Science

Stanford Develops Test for Early HIV and Cancer Detection

It is a well known fact that detecting any chronic disease early on gives the patient a much better chance of being cured; if anything, it at least gives the patient a chance to asses the options and pick the best one.

Stanford University has been working on a test that could detect HIV and cancer early on; this test is designed similarly to the detection method being used know which looks for antibodies in the person’s immunity system and sort of “flags” them in order to make them noticeable. the new test, however, replaces these flags with DNA strands, and this technique renders the test much more sensitive to existing illnesses. This means experts could be alerted about the disease attacking the patient at an even earlier stage than before.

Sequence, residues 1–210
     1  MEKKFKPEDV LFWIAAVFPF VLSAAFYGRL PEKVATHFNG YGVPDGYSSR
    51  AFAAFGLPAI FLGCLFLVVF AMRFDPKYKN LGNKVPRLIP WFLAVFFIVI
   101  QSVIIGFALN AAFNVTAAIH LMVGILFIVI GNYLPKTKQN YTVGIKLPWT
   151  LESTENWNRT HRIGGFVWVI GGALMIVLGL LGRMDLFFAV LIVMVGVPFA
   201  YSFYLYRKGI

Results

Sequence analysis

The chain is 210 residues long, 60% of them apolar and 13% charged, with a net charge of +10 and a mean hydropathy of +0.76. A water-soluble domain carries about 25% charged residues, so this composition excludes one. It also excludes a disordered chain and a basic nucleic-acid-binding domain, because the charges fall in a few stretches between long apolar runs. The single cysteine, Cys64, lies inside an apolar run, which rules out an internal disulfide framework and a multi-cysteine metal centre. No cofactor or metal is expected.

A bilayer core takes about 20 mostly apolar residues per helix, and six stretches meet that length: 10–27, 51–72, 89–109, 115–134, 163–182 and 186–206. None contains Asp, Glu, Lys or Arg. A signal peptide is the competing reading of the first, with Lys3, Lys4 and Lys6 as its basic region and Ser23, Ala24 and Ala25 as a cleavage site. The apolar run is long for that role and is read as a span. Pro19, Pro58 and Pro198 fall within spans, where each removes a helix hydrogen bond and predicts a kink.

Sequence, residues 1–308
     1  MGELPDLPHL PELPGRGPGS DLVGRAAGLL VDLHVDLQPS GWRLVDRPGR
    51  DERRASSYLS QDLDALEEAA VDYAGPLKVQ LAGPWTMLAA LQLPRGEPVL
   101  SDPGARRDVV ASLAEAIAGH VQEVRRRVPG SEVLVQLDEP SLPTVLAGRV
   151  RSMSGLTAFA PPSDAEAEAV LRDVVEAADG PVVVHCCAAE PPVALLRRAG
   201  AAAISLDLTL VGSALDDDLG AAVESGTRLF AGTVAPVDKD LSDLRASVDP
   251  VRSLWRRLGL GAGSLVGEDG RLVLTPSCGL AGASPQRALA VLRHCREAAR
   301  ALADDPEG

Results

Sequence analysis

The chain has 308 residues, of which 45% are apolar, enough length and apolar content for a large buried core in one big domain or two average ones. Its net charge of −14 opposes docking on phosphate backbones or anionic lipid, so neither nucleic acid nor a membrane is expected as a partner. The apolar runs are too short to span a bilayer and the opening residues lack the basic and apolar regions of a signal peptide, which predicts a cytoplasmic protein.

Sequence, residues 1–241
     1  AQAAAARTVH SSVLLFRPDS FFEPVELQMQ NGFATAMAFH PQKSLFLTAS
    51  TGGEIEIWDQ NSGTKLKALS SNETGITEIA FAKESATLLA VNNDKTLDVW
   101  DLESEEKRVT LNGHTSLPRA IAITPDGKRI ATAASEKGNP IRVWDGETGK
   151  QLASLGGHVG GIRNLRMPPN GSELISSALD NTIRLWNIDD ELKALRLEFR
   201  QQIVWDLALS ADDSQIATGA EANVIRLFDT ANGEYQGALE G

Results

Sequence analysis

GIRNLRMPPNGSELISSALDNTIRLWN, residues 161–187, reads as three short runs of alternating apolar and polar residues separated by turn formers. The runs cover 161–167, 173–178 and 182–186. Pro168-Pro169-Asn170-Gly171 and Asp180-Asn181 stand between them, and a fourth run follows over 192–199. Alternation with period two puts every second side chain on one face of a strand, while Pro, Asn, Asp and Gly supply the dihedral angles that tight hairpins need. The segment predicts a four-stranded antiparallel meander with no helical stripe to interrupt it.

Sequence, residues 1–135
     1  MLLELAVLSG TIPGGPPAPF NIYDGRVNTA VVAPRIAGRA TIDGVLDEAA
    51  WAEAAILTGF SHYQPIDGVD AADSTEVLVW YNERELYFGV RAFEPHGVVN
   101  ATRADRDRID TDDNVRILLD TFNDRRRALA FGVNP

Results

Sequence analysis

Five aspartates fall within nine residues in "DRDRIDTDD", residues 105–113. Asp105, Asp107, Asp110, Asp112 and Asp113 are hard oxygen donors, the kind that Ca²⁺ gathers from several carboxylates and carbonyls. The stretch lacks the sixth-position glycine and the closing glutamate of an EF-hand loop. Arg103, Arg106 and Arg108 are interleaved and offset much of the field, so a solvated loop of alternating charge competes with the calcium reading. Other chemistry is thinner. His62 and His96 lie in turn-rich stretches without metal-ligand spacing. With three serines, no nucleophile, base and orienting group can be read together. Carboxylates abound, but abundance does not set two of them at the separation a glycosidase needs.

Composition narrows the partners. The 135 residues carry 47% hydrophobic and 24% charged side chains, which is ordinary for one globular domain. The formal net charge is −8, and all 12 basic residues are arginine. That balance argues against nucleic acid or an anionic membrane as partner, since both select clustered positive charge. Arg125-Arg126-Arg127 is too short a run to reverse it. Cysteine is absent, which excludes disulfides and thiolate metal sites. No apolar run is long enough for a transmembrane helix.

This method has been tested against other FDA-approved variants of thyroid cancer, and was found to be 800 times more sensitive to existing illnesses in the immunity system. These shocking results have been obtained through the continuous clinical trials being performed on this test. Scientists are also developing these tools to be able to detect HIV.